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Insomnia is defined as having difficulty initiating or maintaining sleep, or non-restorative sleep, together with impaired waking function that has been present for at least one month. These complaints occur despite having adequate time and opportunity for sleep.1,2 Insomnia may occur secondary to other conditions including medical and psychological conditions, substance abuse and other sleep disorders, or it may occur as primary insomnia.Based on a national survey of insomnia symptoms,3,4 we have estimated that 13.0% of New Zealanders aged 20-59 yrs are affected by at least one symptom of insomnia often/always, together with excessive daytime sleepiness. M ori are affected disproportionately (prevalence in the study population: M ori 19.1%, non-M ori 8.9%). The risk of reporting a chronic sleep problem (lasting longer than six months) increased with increasing socioeconomic deprivation and increasing age, but ethnicity and sex were not significant independent risk factors. These figures are similar to international population prevalence estimates, in which approximately 30% of individuals report symptoms of insomnia, 15-20% report insomnia symptoms with daytime impairment and 5-10% meet a diagnosis of insomnia according to standardised criteria.1,2,5A number of health factors such as poor physical health, poor mental health, and symptoms of anxiety or depression are associated with insomnia.6 Individuals with insomnia are more likely to develop symptoms of depression at a later assessment, and persistent insomnia symptoms may increase the likelihood of developing a mental health disorder at a later date.7 It has been shown that insomnia symptoms precede the onset of depression and that depressed older individuals with persistent insomnia are more likely to remain depressed (OR 1.8) than those who do not suffer from insomnia.8,9Few studies have investigated whether there is a causal relationship between insomnia and poor physical wellbeing, however it is known that short sleep duration is a risk factor for increased body mass, metabolic dysfunction, type 2 diabetes and hypertension.10 Individuals with insomnia are more likely to take more medications, use more healthcare resources, be absent from work due to illness more often, and have more work-related and motor vehicle accidents.11,12 Recent studies controlling for anxiety, depression and various medical comorbidities have shown that poor sleep can independently impair health-related quality of life.13Despite significant advancement in pharmacological and non-pharmacological insomnia treatment internationally, including practice parameters for the behavioural and psychological treatment of insomnia,14,15 there is currently no standardised approach to the diagnosis and treatment of insomnia in New Zealand. There is also no formal training of health care professionals working in this area and no current requirement for treatment providers to be legally registered.This study aimed to: Investigate insomnia treatment in New Zealand based on interviews with a snowball sample of different providers; and Estimate the societal costs of insomnia among New Zealanders aged 20-59 yrs. The economic modelling and analysis followed the approach we used in estimating the societal costs of obstructive sleep apnoea syndrome in New Zealand.16Method InterviewStructured interviews of insomnia treatment providers were conducted in person and by telephone between October 2007 and March 2008. The interviews were used to collect information on the profile of patients seen, the diagnostic and treatment practices being used, length of treatment regimes, patient outcomes in terms of treatment success, and the costs of treatment. In addition to open interview questions relating to their diagnosis and treatment practices, interviewees were shown or read a list of treatment options sourced from the literature, but not limited to those validated in the literature.14,15Interviewees were also given the opportunity to comment on any issue pertaining to insomnia treatment that they felt had not been adequately discussed within the structured interview. Initial interviews were conducted with sleep physicians known to the researchers and currently working in established clinics, as well as other health practitioners known to specialise in insomnia treatment. A snowballing method was used during the interview process to build a small database of practitioners to interview that would canvas the range of treatment options currently available. In order to obtain a reasonable representation of the different insomnia treatment practices available in New Zealand, providers were categorised as:specialist physicians (appropriately qualified physician working in specialty medical practice other than general practice ); general practitioners (GP);psychologists; pharmacists; health practitioners (a medically-trained GP or other qualified health practitioner who has taken an interest, or undergone some training, in sleep); and alternative health practitioners (a practitioner with any level of training in alternative medicine, practising insomnia treatment). An equal number of treatment providers were sought from each category for interview. A scoring system for comparing providers was developed based on: category of practitioner; being registered to practise with an appropriate New Zealand Registration Board or Council under the Health Practitioners Competence Assurance Act (2003); apparent knowledge of sleep terminology and medicine (and in particular, insomnia); diagnostic and treatment approaches used; practising within their scope of practice and competency guidelines; and provision of patient follow-up. Knowledge of sleep terminology and sleep medicine was rated against a four-point scale ranging from poor (lacked any knowledge or understanding of sleep terminology or medicine) to excellent (full understanding of sleep terminology and medicine). Economic analysisThis study is a retrospective, prevalence-based, cost utility analysis (CUA) where net treatment costs were compared with quality of life years (QALYs) gained. The impact of treated and untreated insomnia on health resource utilisation and quality of life were evaluated to estimate the total costs of all cases in a one year period. As a one year time frame was used, discounting of costs was not necessary. The interviews and a review of the literature were used to develop a treatment cost decision tree which was used as a basis for the health economic costing model. The decision tree took into account potential pathways for patients with insomnia, the population prevalence of insomnia, and the direct medical and non-medical costs associated with diagnosis of insomnia. To maintain a manageable level of complexity, the final version of the model represented a simplified version of all potential pathways. Pathways with low probability were excluded and the model was limited to one level of on-referral. On-referral pathways were also limited to those identified by the interviewees. Patient pathwaysThe final decision tree is shown in Figure 1. In the first instance, a patient with insomnia could choose to seek treatment or not seek treatment. The treatment provider interviews were used to estimate the total number of patients who would seek treatment, and the proportions who would seek treatment from each category of provider. Since patients cannot self-refer to a specialist physician, this option only occurs in subsequent branches of the model. In each case, the probability of a confirmed diagnosis of insomnia, successful treatment of insomnia, and on-referral to other treatment providers were estimated. For example, we assumed that approximately 40% of patients first approached their GP for treatment of insomnia. Of these, 65% received a diagnosis of insomnia and treatment was initiated. It was estimated that for 87.5% of these patients treatment was successful, with the remaining 12.5% were on-referred to either a psychologist, specialist physician or health practitioner. Similar pathways were constructed for other treatment providers. To account for uncertainty in estimates of the proportion of patients following each pathway, high and low probabilities were calculated as \u00b125% of the base case. Prevalence and QALYsThe prevalence of insomnia was estimated as 13.0%, with a high probability of 16.2% and a low probability of 9.7%. Quality of life years (QALYs) gained with successful treatment were estimated from international literature for the base case values, and 0 was used as the low value.18-20Two treatment providers retrospectively completed a EuroQoL 5D (EQ-5D) questionnaire relating to successful treatment of insomnia in their patients, which were compared against the international literature. The EQ-5D score of one treatment provider was used for the high case value for QALYs gained in the decision tree. The score from the remaining practitioner was determined to be a high outlier and was disregarded. Resource utilisationsAt each node in the decision tree, events take place and resources are consumed. For example, a person with insomnia may consult a pharmacist and be recommended an over-the-counter medication. A purchase is made and transport costs are incurred. The resource utilisation estimates are summarised in Table 1. Table 2. Unit resource cost estimates for insomnia treatment in 2009 New Zealand dollars Resource Base Case Source Direct Medical General practitioner $48.89 Average adult consultation fee21 Specialist physician initial $222.22 Initial adult consultation fee for medical practitioner band III21 Specialist physician follow up $99.56 Follow-up adult consultation fee for medical practitioner band III21 Psychologist $88.89 Initial adult consultation fee21 Health practitioner $120.00 Average adult consultation fee for medical practitioner band II;21 high case, interviews Alternative health practitioner $75.56 Base case and range, interviews Prescription medicine $6.42 Zopiclone,22,23 interviews; base case, 7.5mg @30 days plus prescription dispensing fees24 Non prescription medicine $16.00 Blackmores Valerian Forte,25 interviews Increase in cost per capita for individuals with and without insomnia $627.52 Difference in total health costs of individuals with and without insomnia, derived from population prevalence estimates3,4,26-28 Direct Non-Medical Transport for treatment (round trip) $16.71 Average reimbursement of $0.63/km for round trip to hospital (average 29.83km)29 Sensitivity analysisTo account for uncertainty in prevalence and cost estimates, 10,000 Monte Carlo simulations were conducted using randomly generated variables between the low and high estimates for each model parameter.30 Multiple linear regression was then used to evaluate the effects of each model parameter on the total direct and indirect costs, and the total costs calculated by the model. Results Insomnia treatment providersOf 31 providers approached, 18 agreed to complete an interview. Three specialist physicians, two GPs, one pharmacist, five psychologists, three health practitioners and four alternative health practitioners completed a full interview. Three pharmacists were not able to commit the time required to complete a full interview and agreed to complete a shortened version so that costing information and patient treatment pathways could be determined. Data from all 21 interviews were used in the analyses. Insomnia patients were referred to treatment providers via a number of pathways. Self-referral and GP were the most common modes of referral, with occasional referrals from psychologists, psychiatrists, nurses, occupational health physicians and sleep physicians. Those interviewed reported that insomnia patients have often consulted several other insomnia treatment providers before seeking their services. Among interviewees, 81% stated that their patients had consulted a GP at some stage and 81% stated that their patients had consulted alternative health practitioners in the past. Psychologists, psychiatrists, occupational health physicians and sleep physicians were also occasionally consulted. Four of the 21 interviewees did not hold any registration to practise under the Health Practitioners Competence Assurance Act (2003), three because their field of work is not covered by the Act and one whose registration had lapsed. Providers indicated treating individuals aged 3 months to 90 years for insomnia, of which the majority were middle-aged and Caucasian. The number of patients seen by each practitioner varied greatly, ranging from 15-110 patients per year for specialist physicians to 1000-5200 per year for pharmacists. The majority of interviewees (62%) had poor/fair knowledge of the different types of insomnia. This included all the pharmacists, alternative health practitioners, and GPs interviewed. These providers were also the most likely to confirm a diagnosis of insomnia, were the least likely to use structured interviews, validated questionnaires, or supplementary tools for diagnosis, had the poorest understanding of standard sleep terminology, and offered the most limited range of treatment options. All psychologists and specialist physicians, and the majority of health practitioners, considered supplementary diagnostic tools in their every day practice. Sleep diaries were the most commonly employed adjunct diagnostic tool. Table 3 shows the treatment options offered to insomnia patients by different providers. Sleep hygiene education was the most popular option being offered by 61.9%. Approximately half the providers (52.4%) also considered pharmacological management of insomnia. Specialist physicians, GPs, health practitioners and psychologists always used validated treatment options as per the American Academy of Sleep Medicine guidelines. A quarter of alternative health practitioners used validated treatment options, while the remainder of the interviewees (38%) used forms of treatment lacking any evidence base for successful insomnia treatment. None of the pharmacists interviewed used validated treatment options. Specialist physicians, GPs, and psychologists always implemented treatment according to best practice guidelines, as did three of four alternative health practitioners. However, while health practitioners reported using validated treatment options, two of the three deviated from best practice guidelines for these treatments. Table 3. Treatment options offered to insomnia patients by provider type Treatment options Specialist Physician Pharmacist GP Psychologist Health Practitioner Alternative Health Practitioner N 3 4 2 5 3 4 Pharmacological management 100% 100% 100% 20% 33% 0% Herbal remedies 0% 100%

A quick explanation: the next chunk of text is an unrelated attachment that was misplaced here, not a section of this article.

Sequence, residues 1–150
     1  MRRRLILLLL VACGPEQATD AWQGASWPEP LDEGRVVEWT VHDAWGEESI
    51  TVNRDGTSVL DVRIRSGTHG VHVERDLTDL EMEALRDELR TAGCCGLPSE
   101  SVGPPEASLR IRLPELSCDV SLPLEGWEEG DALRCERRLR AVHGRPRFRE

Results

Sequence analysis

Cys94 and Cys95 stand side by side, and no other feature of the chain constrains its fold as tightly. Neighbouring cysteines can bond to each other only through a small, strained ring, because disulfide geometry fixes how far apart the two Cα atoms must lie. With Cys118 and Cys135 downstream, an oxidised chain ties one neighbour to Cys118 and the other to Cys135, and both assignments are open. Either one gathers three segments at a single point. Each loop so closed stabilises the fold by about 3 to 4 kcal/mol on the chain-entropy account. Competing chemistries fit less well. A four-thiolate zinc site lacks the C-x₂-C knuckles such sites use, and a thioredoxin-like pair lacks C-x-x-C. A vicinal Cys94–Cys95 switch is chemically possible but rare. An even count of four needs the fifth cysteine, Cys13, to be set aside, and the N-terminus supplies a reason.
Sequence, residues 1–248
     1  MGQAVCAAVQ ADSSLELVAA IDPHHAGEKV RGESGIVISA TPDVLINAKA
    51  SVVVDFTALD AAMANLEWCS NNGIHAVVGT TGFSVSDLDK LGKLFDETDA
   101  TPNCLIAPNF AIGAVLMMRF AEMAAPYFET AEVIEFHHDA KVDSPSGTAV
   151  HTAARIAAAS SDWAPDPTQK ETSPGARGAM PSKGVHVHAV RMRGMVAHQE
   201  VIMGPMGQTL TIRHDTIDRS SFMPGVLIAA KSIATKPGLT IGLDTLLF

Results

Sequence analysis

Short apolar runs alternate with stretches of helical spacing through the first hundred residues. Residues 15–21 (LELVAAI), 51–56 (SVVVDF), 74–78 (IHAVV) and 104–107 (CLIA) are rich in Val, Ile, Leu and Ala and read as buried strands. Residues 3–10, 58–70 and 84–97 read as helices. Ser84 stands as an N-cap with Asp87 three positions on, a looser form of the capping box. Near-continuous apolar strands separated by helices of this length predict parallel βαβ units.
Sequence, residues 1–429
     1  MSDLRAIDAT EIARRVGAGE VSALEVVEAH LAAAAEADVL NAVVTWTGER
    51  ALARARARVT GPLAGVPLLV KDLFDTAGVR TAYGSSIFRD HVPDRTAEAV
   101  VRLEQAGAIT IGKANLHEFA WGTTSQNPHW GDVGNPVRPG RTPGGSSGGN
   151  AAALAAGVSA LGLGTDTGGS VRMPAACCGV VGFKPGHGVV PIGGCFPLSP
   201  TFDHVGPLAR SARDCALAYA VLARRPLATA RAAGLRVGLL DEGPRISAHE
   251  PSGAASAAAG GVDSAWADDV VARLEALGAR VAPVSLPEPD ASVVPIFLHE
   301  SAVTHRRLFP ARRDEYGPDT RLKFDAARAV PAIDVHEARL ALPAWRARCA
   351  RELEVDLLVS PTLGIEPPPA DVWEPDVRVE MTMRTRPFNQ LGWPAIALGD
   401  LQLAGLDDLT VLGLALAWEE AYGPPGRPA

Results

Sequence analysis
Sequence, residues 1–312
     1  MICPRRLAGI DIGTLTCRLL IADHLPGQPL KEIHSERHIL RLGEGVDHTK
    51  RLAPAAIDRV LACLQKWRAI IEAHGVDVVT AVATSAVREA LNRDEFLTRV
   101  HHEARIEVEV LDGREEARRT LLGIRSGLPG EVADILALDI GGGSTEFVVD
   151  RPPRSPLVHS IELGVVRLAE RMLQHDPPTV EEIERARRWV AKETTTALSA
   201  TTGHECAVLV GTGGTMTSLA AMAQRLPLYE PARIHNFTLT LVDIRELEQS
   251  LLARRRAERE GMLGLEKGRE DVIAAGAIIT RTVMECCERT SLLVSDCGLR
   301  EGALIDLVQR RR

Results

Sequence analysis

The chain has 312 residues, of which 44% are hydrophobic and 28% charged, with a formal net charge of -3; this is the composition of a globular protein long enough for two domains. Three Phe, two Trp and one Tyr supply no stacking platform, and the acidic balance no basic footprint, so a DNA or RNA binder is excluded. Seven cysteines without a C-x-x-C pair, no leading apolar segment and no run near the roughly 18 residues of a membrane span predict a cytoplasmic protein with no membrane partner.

To describe insomnia treatment in New Zealand and estimate the annual societal costs of insomnia among New Zealanders aged 20-59 years.


Twenty-one interviews were conducted with insomnia treatment providers in New Zealand using a snowballing recruitment method. Information from the interviews and the international literature was used to estimate treatment profiles, availability, uptake and costs, as the basis for a decision analytic model with micro costing of each potential outcome. Sensitivity analyses were conducted with 10,000 Monte Carlo simulations randomly varying between each model parameter between minimum and maximum estimates.


The treatment provider interviews highlighted the unstructured nature of insomnia treatment in New Zealand. The net cost of treating a person with insomnia was estimated to be -$482. The net annual benefit (saving) for treating insomniacs aged between 20-59 yrs was estimated at $21.8 million.


The estimated total societal costs per QALY gained by treating insomnia is substantially lower than the average QALY cost-effectiveness threshold ($6,865) of PHARMAC funding decisions for new pharmaceuticals. Thus, these analyses strongly support the cost-effectiveness of insomnia treatment.


Karyn M OKeeffe, Research Officer, Sleep/Wake Research Centre, School of Public Health, Massey University Wellington; Philippa H Gander, Director, Sleep/Wake Research Centre, School of Public Health, Massey University Wellington; W Guy Scott, Senior Lecturer, Department of Economics and Finance, College of Business, Massey University Wellington; Helen M Scott, Research Assistant, Sleep/Wake Research Centre and Director, ScottEconomics Limited, Wellington


This project was funded by the New Zealand Lottery Health Grants Board (Reference 237356).The authors are also grateful to the insomnia treatment providers who generously provided their time in key informant interviews.


Karyn OKeeffe, Sleep/Wake Research Centre, Massey University Wellington, PO Box 756, Wellington 6140, New Zealand. Fax: +64 (0)4 3800629

Correspondence email

Competing interests

None declared.